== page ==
Negative Media Headlines.

Media headlines often challenge us with negative portrayals of law enforcement from every part of the United States, making it difficult to maintain a trusting attitude toward police and give officers respect without fearing any type of encounter with them.  As public servants, police officers are supposed to hold the community interests above their own and act ethically and professionally when they have stressful encounters with suspects and other individuals in the communities they serve.  Unfortunately, there are officers like Arizona Police Officer Philip Brailsford in the execution-style death of a Texas dad at a motel where he was staying for job-related travel, who ruin the efforts of professional ethical officers honoring their the oath of service to the community.

Excessive Force Complaints and Unlawful Search and Seizure.

Excessive force complaints seem to pop up everywhere and police departments must develop current policies and procedures for dealing effectively with law breakers.  The policies should support techniques that allow a reasonable balance of force sufficient to control the specific encounter at hand. If you are not certain if you have been a victim of excessive force or unlawful search and seizure activities, contact a civil rights lawyer for a consultation.  The Gilbert Police Department’s policy states that “officers shall not use more force than is reasonably necessary to accomplish their lawful purpose or protect themselves and others from bodily harm.  Reasonableness must be judged from an officer at the scene’s perspective and in that moment, not from a vision of hindsight.  Allowance is made for split-second judgments based on tense, uncertain and rapidly-evolving circumstances.”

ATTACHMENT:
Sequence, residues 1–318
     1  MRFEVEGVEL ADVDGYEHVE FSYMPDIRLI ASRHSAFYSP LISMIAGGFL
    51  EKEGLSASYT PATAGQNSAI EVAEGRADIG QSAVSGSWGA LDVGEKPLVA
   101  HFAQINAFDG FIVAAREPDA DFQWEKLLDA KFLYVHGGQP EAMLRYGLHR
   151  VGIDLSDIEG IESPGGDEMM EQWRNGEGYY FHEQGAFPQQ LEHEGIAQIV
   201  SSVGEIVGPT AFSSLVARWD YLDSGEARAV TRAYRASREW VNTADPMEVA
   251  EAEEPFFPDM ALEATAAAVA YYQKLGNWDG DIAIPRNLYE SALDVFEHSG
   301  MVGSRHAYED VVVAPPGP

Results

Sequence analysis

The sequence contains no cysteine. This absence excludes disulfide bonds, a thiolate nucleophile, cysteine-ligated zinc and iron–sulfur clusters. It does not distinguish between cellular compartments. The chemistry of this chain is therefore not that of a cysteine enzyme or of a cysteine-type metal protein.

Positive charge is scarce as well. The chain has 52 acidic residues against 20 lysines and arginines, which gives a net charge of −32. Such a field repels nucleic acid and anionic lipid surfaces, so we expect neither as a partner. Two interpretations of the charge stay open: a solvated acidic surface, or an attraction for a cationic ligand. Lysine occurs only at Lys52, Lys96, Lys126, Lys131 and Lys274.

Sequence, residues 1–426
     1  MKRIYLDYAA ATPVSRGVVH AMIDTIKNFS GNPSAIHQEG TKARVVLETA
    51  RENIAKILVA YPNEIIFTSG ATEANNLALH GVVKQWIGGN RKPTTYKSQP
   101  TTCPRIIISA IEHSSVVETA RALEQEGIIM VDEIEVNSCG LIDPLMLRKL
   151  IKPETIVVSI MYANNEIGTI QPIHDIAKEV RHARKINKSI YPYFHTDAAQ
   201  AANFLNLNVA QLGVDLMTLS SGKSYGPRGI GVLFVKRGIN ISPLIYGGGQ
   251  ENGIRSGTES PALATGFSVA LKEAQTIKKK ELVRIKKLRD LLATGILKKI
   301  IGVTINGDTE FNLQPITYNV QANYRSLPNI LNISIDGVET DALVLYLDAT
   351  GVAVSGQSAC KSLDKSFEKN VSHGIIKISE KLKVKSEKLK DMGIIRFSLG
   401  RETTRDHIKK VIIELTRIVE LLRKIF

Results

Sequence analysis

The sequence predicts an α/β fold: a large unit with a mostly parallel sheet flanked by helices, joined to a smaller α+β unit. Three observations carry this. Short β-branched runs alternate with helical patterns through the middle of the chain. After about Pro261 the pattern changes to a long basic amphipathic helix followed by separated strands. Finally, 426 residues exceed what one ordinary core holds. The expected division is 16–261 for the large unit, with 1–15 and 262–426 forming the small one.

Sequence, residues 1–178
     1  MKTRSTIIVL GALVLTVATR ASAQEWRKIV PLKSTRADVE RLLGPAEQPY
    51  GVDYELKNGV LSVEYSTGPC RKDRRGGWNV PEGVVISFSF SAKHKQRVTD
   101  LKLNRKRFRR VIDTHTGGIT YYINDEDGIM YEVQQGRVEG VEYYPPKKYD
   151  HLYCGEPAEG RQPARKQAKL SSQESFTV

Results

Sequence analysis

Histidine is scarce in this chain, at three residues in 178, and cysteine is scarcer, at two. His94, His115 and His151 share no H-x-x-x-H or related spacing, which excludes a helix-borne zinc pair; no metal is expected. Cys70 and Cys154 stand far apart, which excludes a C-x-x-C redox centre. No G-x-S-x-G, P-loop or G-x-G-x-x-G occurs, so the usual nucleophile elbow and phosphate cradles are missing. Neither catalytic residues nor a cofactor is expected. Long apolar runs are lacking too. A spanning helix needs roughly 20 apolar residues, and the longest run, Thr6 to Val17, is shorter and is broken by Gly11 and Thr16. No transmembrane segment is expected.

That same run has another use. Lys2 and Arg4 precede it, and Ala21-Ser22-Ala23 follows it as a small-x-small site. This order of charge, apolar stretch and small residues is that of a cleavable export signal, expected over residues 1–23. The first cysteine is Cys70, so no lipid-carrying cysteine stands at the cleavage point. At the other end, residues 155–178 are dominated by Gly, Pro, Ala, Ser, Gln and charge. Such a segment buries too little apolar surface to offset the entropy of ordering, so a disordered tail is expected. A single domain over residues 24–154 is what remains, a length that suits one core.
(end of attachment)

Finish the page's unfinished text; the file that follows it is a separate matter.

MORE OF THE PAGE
If you meet up with an unethical police officer during a traffic stop, it could put you in harm’s way for excessive force actions or unlawful search and seizure encounters, both are forms of police brutality.  A traffic stop for a simple traffic violation should not end up a case of life or death, or beatings and imprisonment.  It is in the driver’s best interest to avoid any confrontation or difference of opinion with a police officer when they are pulled over for a traffic stop in Gilbert, Arizona.

Maintain Safety During Traffic Stop.

Steps to follow to maintain your safety.

  1. When you see the officer’s lights to signal you to pull over, do so in a safe, timely manner utilizing your turn signals and lights appropriately and stop in a safe place on the right of the roadway. Come to a complete stop and put the car in park.  To be extra safe put your hands on the steering wheel and do not reach for anything until the officer requests it.  Keep your seatbelt fastened.  If it is dark out, it is a good idea to turn your interior light on first, so the officer can see you better and not assume any ill-fated deeds.
  2. Roll down the window at some point. Do not step out of your car unless you are instructed to do so by the police.  Remember to not act strangely or move things about like you are trying to hide anything, you do not need to cause undue suspicion that the officer may claim gave him cause for a full search of your vehicle.  If there is something in plain view, like an open beer can, alcohol bottle or joint then you have given the officer cause to search your vehicle, at which point he may proceed. If the officer asks information about firearms, answer appropriately.